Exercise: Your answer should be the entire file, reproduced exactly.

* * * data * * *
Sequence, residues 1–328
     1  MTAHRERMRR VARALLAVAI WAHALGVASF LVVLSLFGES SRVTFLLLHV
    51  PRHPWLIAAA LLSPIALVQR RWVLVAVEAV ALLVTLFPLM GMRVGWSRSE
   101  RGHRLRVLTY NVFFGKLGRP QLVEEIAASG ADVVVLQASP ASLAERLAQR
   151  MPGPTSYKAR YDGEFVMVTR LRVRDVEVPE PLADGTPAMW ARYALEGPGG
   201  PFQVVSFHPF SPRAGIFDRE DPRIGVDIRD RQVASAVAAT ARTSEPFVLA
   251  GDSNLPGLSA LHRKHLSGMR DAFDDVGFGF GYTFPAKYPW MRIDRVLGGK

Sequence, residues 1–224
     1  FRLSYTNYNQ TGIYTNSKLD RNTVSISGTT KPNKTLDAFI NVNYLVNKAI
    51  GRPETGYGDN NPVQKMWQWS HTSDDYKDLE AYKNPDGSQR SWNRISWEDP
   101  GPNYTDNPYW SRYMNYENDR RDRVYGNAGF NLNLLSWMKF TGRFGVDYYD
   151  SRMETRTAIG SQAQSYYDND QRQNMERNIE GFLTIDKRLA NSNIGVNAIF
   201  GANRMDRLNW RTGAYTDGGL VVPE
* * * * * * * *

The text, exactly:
Sequence, residues 1–328
     1  MTAHRERMRR VARALLAVAI WAHALGVASF LVVLSLFGES SRVTFLLLHV
    51  PRHPWLIAAA LLSPIALVQR RWVLVAVEAV ALLVTLFPLM GMRVGWSRSE
   101  RGHRLRVLTY NVFFGKLGRP QLVEEIAASG ADVVVLQASP ASLAERLAQR
   151  MPGPTSYKAR YDGEFVMVTR LRVRDVEVPE PLADGTPAMW ARYALEGPGG
   201  PFQVVSFHPF SPRAGIFDRE DPRIGVDIRD RQVASAVAAT ARTSEPFVLA
   251  GDSNLPGLSA LHRKHLSGMR DAFDDVGFGF GYTFPAKYPW MRIDRVLGGK

Sequence, residues 1–224
     1  FRLSYTNYNQ TGIYTNSKLD RNTVSISGTT KPNKTLDAFI NVNYLVNKAI
    51  GRPETGYGDN NPVQKMWQWS HTSDDYKDLE AYKNPDGSQR SWNRISWEDP
   101  GPNYTDNPYW SRYMNYENDR RDRVYGNAGF NLNLLSWMKF TGRFGVDYYD
   151  SRMETRTAIG SQAQSYYDND QRQNMERNIE GFLTIDKRLA NSNIGVNAIF
   201  GANRMDRLNW RTGAYTDGGL VVPE